Monday, February 13, 2023

NZDF's bill for covering up war crimes

One of the key recommendations of the Operation Burnham inquiry was the creation of an independent Inspector-General of Defence to investigate allegations of wrongdoing by NZDF. The government's bill to do this is currently before select committee, and the Sunday Star Times' Andrea Vance has been looking at some of the submissions on it. So far, they're pretty damning, concluding that the bill will enable the military to keep its war-crimes secret:

A new military watchdog – created after the deadly Operation Burnham raid – is a recipe for “whitewash and brushing things under the carpet” and will make it more difficult to hold the Defence Force accountable, experts say.

They fear the small print in proposed legislation establishing the Inspector-General of Defence could see future human rights violations by soldiers kept secret – and make illegal the kind of investigative journalism that exposed the cover-up.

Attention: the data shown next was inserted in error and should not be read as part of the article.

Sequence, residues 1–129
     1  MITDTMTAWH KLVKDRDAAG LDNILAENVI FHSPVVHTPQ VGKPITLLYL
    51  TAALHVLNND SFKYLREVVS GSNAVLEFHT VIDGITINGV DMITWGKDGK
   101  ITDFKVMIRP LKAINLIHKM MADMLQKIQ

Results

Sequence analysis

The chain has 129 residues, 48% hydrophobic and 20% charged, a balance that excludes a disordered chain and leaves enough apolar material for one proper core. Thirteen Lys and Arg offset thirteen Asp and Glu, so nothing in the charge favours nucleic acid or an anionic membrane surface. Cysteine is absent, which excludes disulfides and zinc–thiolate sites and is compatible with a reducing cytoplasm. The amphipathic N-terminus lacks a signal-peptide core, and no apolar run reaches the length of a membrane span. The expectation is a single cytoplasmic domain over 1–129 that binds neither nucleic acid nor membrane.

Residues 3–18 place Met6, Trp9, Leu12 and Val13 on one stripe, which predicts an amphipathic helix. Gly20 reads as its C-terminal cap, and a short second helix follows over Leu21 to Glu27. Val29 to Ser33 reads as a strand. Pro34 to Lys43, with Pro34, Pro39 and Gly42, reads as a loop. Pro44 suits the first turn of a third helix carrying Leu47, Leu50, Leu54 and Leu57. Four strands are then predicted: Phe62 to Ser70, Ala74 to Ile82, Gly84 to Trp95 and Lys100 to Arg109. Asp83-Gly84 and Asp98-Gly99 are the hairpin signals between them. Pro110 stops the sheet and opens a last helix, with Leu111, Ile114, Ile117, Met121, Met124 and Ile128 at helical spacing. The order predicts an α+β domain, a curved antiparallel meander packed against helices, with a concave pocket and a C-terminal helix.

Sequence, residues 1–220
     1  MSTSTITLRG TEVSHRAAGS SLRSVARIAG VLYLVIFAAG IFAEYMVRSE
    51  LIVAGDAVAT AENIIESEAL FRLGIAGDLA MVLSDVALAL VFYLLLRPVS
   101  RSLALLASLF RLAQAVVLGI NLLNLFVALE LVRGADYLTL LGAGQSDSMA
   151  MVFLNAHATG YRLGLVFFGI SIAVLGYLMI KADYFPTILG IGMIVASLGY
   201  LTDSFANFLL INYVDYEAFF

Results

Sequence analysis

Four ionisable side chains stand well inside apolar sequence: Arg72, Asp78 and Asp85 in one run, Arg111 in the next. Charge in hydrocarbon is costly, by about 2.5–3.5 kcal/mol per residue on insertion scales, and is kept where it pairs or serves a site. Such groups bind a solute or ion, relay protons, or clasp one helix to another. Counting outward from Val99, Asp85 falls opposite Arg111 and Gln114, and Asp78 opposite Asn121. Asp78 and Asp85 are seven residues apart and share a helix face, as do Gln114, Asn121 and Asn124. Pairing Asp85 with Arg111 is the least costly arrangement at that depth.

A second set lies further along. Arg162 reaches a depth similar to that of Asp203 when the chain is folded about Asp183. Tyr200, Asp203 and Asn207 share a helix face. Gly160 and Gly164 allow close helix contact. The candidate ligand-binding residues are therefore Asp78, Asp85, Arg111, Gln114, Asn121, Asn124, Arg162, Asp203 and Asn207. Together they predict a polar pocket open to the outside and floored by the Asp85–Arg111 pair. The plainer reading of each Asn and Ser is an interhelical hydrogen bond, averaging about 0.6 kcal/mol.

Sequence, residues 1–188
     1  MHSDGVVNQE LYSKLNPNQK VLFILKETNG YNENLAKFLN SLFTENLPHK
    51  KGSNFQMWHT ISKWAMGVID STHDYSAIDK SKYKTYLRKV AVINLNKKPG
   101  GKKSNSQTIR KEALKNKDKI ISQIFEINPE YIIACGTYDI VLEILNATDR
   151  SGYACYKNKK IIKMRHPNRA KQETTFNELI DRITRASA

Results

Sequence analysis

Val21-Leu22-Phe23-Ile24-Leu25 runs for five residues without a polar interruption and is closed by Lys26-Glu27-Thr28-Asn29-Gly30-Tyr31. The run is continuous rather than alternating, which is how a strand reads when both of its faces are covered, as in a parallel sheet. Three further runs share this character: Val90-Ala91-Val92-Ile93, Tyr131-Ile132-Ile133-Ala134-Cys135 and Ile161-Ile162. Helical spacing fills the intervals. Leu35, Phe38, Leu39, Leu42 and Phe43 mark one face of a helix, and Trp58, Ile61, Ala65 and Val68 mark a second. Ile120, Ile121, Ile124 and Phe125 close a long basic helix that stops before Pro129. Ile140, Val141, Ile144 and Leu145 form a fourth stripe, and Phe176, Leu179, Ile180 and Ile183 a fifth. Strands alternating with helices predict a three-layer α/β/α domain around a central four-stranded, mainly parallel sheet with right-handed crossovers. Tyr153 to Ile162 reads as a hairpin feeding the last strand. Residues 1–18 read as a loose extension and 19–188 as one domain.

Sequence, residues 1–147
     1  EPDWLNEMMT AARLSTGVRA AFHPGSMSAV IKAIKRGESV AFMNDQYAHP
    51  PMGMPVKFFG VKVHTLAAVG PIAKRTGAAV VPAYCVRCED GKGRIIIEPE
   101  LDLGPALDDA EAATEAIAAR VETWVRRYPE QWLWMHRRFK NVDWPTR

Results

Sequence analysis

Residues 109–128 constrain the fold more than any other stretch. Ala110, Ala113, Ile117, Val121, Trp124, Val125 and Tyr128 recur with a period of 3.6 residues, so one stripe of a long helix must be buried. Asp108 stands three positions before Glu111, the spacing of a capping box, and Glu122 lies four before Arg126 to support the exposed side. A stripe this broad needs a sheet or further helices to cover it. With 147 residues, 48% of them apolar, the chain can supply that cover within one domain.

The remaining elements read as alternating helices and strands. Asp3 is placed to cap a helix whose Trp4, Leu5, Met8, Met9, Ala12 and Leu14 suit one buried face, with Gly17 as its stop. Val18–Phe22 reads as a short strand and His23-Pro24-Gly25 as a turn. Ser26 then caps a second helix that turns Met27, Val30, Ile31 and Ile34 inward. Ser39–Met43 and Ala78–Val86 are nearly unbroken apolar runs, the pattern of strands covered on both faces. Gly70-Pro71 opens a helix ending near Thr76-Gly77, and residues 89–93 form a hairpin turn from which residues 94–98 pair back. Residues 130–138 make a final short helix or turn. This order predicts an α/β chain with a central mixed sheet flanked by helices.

Defence Minister Andrew Little excuses all this on the grounds that the military can only suppress information which is "sensitive". But the definition of "sensitive" includes "prejudice to the continued performance of the functions of the Defence Force or the Ministry" - an entirely separate ground from prejudice to the security and defence of New Zealand - and NZDF in the past has made it clear that it considers reporting on or investigating its crimes to prejudice its functions. So I'd say that these fears are entirely well-grounded. But when you look at the limits on what the IGD can investigate and the emphasis on preventing "duplication of scrutiny" - that is, on stopping it from looking into anything NZDF is covering up itself with a stovepiped internal "inquiry" - then it is clear that this bill is designed to give only the appearance of oversight, and in reality is designed to allow NZDF to cover up its crimes. That's not what was recommended, and it certainly isn't what the public wants. And with major civil society groups condemning the bill (not to mention Nicky Hager, whose reporting with Jon Stephenson sparked the whole Operation Burnham inquiry), if it is not significantly amended it is simply going to lack any public credibility.